martes, 20 de octubre de 2020


 In these new works, including a major commission, Rakowitz continues his efforts to complicate the narrative around cultural patrimony. On view through June 2021.

Wellin Museum of Art

Michael Rakowitz, detail “H-17,” from “Room H, Northwest Palace of Nimrud,” from the series The Invisible Enemy Should Not Exist (2020). Commissioned by the Ruth and Elmer Wellin Museum of Art at Hamilton College. This project was underwritten by a grant from the Daniel W. Dietrich ’64 Fund for Innovation in the Arts (photograph by Robert Chase Heishman)

For Michael Rakowitz: Nimrud, the Iraqi-American artist has recreated Room H from the well-known Northwest Palace in the ancient Assyrian city of Nimrud (Kalhu), located near Mosul in present-day Iraq dating from 883–859 BCE. To make his colorful reproductions of the ancient carved stone reliefs, Rakowitz uses packaging for food products imported from the Middle East to the US and sold in local Middle Eastern groceries in Chicago, where the artist lives and works.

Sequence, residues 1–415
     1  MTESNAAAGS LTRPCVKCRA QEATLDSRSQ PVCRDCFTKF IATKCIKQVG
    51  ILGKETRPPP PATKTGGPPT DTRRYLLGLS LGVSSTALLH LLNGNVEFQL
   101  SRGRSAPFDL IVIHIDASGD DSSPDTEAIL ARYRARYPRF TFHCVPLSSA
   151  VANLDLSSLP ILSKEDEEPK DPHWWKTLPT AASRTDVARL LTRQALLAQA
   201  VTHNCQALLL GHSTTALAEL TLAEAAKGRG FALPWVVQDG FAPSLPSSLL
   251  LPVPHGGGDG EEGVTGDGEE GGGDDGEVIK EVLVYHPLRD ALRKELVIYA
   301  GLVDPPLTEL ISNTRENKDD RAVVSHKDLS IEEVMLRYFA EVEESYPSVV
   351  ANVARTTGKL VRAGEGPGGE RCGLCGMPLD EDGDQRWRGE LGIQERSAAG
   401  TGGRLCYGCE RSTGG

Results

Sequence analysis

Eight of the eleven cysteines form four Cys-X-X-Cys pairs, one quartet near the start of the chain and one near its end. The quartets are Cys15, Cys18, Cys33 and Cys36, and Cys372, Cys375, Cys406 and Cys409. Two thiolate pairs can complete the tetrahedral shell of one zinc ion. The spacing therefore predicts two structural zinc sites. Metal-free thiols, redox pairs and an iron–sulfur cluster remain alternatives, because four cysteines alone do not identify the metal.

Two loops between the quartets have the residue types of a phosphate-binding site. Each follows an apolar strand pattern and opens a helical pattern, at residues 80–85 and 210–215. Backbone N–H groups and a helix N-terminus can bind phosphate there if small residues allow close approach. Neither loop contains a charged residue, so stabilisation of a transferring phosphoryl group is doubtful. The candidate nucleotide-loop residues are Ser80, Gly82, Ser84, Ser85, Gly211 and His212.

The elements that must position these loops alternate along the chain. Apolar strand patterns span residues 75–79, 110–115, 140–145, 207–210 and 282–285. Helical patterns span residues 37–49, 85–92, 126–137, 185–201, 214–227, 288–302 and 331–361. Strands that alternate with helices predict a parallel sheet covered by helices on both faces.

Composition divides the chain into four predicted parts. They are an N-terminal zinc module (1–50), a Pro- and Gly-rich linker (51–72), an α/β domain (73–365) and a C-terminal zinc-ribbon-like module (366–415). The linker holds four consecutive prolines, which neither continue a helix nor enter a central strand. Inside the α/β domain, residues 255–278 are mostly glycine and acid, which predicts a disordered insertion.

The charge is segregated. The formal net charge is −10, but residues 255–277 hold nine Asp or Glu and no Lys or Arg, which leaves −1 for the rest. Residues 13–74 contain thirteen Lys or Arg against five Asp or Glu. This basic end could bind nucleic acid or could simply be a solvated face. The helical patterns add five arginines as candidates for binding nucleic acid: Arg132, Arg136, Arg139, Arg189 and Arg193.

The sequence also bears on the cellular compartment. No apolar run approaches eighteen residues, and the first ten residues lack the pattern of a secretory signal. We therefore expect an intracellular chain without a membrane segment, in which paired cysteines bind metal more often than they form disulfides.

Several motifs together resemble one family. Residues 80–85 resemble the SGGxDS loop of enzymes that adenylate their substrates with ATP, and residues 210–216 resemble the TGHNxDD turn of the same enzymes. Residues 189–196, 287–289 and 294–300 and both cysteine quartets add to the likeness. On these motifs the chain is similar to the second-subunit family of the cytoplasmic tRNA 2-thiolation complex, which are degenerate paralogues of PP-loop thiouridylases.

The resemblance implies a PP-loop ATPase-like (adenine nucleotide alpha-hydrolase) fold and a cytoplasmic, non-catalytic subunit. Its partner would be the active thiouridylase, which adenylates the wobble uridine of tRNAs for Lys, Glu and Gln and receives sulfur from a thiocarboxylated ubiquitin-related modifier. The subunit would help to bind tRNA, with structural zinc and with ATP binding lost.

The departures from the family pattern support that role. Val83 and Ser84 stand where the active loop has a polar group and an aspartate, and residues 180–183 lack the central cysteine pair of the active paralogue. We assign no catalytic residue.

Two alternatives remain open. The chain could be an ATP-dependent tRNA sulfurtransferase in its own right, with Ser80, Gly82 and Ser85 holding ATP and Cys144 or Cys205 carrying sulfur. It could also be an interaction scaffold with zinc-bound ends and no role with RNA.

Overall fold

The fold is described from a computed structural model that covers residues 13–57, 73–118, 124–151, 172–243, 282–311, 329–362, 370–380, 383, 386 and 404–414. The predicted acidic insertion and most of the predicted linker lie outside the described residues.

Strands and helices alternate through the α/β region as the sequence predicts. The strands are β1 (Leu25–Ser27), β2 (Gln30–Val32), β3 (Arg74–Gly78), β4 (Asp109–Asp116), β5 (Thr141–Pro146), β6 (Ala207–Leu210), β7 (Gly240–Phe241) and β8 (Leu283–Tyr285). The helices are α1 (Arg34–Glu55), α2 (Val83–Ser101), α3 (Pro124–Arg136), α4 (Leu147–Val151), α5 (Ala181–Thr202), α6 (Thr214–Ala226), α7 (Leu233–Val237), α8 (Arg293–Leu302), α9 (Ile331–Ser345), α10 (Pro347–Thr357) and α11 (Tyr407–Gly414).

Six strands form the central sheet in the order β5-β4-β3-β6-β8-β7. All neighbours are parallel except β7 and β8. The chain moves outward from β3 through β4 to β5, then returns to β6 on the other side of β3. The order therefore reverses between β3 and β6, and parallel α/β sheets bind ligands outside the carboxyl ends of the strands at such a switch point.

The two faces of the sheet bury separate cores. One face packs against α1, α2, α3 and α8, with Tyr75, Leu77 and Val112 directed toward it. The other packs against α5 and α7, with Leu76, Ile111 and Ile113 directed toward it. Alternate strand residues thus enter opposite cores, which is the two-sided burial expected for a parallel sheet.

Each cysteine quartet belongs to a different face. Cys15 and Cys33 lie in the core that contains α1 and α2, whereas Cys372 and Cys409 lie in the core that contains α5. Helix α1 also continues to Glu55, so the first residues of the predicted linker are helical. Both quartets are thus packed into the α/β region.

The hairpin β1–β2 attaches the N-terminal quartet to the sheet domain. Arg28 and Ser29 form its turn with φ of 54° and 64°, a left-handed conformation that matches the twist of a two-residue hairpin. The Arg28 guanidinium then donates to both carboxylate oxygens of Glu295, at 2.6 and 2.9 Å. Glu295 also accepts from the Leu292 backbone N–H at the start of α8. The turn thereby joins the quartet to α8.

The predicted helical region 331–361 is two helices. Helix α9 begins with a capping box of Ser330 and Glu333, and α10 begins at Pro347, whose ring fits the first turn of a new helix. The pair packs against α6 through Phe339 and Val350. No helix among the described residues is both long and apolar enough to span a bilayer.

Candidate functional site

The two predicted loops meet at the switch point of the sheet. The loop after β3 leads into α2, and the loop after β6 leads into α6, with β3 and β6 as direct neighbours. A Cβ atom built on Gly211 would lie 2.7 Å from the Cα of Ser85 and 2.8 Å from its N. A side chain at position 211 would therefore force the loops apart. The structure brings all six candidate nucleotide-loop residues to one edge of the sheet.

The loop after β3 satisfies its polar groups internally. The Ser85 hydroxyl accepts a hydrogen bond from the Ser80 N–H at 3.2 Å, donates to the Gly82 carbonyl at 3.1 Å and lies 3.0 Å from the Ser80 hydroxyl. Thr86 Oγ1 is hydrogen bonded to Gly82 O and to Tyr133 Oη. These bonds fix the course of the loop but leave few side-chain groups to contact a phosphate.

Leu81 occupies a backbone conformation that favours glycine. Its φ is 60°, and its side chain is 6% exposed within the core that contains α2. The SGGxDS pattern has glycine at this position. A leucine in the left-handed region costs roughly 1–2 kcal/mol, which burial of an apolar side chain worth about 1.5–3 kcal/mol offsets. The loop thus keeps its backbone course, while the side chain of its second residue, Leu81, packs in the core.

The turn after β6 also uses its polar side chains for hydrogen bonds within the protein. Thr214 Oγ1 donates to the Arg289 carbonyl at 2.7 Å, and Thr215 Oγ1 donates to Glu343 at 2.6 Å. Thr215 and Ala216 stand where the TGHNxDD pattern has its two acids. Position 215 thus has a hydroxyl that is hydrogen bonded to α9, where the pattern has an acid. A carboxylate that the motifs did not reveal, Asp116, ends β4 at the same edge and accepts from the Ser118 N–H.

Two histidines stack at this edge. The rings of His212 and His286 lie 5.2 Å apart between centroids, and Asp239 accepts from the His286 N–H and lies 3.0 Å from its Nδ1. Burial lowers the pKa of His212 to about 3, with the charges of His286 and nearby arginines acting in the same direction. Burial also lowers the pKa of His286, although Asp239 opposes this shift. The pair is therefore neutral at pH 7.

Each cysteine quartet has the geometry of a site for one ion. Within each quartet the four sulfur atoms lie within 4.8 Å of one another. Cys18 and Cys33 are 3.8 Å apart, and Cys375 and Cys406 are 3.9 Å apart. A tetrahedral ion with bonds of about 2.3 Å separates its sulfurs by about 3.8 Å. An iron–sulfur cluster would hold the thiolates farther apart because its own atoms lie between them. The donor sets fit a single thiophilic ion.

In the mid-nineteenth century, many of the palace’s reliefs were removed by archeologists and acquired by private collections and public institutions throughout the Western world, including Hamilton College. While Rakowitz’s materials reference the current Middle Eastern diaspora, the content of his work is a reaction to centuries of looting ancient sites — both legally sanctioned and illegal, often occurring in times of foreign occupation. His work implicates the museum as a colonial entity and calls attention to the problematic and pervasive practice of removing cultural artifacts from their original context. Alongside “Room H,” the artist will debut a new group of small sculptures representing objects looted, destroyed, or at risk of loss due to political violence.

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